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One-quarter of Israel is Irrigable, Jewish Agency Reports

November 3, 1953
See Original Daily Bulletin From This Date

Israel’s first land survey, a three-year project completed last month, reveals that the country possesses approximately 1,300,000 acres–about one-fourth of Israel’s total land area–of potentially irrigable land, it was reported today by the Jewish Agency here. This figure substantially exceeds previous estimates.

Some 2,375,000 acres were surveyed by aerial photography and ground crews. The area involved stretched from the northern border to a point some eight miles south of Beersheba. The remaining 2,750,000 acres represent the arid portion of the Negev which is considered to have very limited immediate agricultural potential.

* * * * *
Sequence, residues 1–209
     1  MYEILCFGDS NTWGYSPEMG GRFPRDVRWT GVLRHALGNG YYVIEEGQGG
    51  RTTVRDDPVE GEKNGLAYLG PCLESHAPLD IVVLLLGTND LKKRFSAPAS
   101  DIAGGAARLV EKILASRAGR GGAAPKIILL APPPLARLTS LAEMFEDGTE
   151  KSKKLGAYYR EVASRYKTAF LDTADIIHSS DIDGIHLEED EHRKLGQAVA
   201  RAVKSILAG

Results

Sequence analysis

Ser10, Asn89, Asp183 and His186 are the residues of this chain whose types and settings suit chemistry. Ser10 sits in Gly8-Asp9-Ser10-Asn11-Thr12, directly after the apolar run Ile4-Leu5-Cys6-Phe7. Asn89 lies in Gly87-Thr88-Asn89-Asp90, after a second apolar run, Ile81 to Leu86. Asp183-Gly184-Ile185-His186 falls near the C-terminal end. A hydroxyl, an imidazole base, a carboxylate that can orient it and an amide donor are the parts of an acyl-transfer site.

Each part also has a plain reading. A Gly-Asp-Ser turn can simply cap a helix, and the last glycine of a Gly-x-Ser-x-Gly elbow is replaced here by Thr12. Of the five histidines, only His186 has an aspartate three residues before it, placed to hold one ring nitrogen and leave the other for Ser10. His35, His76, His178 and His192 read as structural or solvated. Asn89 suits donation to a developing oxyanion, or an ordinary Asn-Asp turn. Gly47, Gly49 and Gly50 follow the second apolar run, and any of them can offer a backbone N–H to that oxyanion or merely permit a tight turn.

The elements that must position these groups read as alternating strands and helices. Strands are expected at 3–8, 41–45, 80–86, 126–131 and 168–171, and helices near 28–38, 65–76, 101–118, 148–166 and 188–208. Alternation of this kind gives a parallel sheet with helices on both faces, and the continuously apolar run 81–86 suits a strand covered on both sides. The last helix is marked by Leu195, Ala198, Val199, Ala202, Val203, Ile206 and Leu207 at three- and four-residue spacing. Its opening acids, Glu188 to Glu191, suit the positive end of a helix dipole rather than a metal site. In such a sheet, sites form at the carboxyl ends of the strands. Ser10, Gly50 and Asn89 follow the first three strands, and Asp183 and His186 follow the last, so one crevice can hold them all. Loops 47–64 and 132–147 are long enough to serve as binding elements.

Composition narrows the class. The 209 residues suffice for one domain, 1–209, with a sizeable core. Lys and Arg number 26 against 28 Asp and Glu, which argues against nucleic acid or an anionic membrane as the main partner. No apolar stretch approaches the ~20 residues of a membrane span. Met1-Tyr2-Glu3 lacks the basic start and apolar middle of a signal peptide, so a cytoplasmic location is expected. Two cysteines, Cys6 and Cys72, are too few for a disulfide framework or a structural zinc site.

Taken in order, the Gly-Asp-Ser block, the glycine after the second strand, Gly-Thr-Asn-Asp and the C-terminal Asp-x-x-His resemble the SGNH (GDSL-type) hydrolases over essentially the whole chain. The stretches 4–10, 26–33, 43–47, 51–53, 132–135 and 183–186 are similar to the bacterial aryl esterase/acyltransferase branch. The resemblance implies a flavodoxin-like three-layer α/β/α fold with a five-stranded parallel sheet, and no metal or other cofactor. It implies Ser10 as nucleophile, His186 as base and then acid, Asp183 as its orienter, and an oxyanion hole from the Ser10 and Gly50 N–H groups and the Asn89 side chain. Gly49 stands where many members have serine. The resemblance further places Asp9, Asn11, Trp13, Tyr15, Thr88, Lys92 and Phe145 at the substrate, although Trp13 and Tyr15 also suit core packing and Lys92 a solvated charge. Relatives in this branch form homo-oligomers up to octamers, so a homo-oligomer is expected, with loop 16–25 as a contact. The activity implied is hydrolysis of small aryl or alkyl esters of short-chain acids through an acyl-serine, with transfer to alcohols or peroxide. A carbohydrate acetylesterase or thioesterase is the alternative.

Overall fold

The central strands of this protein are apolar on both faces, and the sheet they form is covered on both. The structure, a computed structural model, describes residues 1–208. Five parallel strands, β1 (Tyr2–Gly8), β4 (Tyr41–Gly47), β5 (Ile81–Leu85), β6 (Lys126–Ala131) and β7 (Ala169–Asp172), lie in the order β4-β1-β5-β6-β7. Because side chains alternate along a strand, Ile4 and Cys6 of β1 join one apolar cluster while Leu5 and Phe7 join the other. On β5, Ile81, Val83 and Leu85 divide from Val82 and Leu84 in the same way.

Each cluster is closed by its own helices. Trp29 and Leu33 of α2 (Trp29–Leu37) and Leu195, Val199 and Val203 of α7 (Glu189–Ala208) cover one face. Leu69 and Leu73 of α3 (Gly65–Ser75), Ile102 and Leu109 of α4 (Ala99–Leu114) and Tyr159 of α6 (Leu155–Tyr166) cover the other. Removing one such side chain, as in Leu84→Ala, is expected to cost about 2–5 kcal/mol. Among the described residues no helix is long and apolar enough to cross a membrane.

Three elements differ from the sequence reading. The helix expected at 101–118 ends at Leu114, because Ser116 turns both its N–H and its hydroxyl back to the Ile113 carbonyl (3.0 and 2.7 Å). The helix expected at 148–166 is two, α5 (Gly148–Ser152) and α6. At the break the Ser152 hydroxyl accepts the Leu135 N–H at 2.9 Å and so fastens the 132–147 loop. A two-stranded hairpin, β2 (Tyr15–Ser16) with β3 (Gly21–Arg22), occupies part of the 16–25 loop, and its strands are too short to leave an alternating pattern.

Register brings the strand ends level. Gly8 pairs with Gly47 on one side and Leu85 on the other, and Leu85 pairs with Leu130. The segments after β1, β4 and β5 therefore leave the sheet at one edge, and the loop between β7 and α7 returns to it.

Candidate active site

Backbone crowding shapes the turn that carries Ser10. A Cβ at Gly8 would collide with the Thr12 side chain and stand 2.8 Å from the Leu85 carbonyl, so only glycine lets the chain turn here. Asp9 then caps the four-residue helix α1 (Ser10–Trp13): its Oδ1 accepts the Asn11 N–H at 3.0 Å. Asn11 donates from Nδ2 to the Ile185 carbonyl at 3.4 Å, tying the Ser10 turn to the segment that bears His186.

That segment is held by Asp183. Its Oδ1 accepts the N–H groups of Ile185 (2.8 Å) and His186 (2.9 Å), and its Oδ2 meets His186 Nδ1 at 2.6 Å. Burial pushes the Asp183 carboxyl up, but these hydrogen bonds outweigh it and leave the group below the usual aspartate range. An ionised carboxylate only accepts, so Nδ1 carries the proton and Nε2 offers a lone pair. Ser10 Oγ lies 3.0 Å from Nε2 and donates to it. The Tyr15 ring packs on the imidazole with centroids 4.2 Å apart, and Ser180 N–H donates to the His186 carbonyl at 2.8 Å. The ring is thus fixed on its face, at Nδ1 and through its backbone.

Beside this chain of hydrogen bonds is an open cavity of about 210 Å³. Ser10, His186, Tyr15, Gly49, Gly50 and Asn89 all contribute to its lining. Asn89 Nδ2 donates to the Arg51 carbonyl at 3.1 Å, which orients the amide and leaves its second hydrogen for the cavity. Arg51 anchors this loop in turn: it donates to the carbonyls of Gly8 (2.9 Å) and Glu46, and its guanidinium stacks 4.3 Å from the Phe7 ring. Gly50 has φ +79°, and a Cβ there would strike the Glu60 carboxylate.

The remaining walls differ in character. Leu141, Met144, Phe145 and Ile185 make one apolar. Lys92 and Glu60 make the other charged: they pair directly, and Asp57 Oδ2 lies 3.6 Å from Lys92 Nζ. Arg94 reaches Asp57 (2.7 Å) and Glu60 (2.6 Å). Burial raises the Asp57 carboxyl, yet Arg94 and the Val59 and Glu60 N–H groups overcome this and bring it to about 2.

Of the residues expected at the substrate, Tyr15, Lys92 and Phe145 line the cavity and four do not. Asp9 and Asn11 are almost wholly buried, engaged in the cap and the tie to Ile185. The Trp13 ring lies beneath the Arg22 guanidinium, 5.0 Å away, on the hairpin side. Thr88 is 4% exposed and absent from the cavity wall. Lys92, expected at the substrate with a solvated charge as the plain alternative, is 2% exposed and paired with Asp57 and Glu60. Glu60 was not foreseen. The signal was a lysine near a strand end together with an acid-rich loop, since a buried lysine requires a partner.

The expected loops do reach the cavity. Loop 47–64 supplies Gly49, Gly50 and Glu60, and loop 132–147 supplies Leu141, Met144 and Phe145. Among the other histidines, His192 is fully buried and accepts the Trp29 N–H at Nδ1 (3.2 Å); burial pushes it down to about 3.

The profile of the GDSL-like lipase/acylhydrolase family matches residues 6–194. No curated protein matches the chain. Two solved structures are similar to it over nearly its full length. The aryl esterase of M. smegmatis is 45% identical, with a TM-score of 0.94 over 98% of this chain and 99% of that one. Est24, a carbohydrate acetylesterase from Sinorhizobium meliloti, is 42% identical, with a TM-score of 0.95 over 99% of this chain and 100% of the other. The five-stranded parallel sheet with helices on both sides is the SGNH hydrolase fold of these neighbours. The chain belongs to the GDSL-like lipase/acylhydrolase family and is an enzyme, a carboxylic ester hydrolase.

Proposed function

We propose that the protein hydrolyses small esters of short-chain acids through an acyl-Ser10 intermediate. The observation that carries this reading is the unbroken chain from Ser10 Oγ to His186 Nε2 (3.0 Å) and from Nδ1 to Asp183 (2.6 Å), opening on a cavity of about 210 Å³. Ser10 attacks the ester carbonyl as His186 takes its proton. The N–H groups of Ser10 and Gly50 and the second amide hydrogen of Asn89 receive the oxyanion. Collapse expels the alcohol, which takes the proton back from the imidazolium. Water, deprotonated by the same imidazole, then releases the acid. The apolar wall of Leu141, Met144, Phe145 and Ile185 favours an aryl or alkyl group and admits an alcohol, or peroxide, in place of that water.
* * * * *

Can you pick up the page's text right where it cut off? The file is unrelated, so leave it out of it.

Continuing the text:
“Experts estimate that Israel’s known water resources could enable the irrigation of 1,000,000 acreas. A bout 125,000 acres are currently under irrigation. This would make it possible for Israel to feed a population of 4,000,000 producing sufficient quantities of all required staples except wheat and meat,” the Jewish Agency report says. “The country also possesses 475,000 acres suitable for pasturage and another 225,000 acres which could serve for both pasturage and afforestation. This acreage could support enough cattle to produce 10,000 tons of meat per year.”

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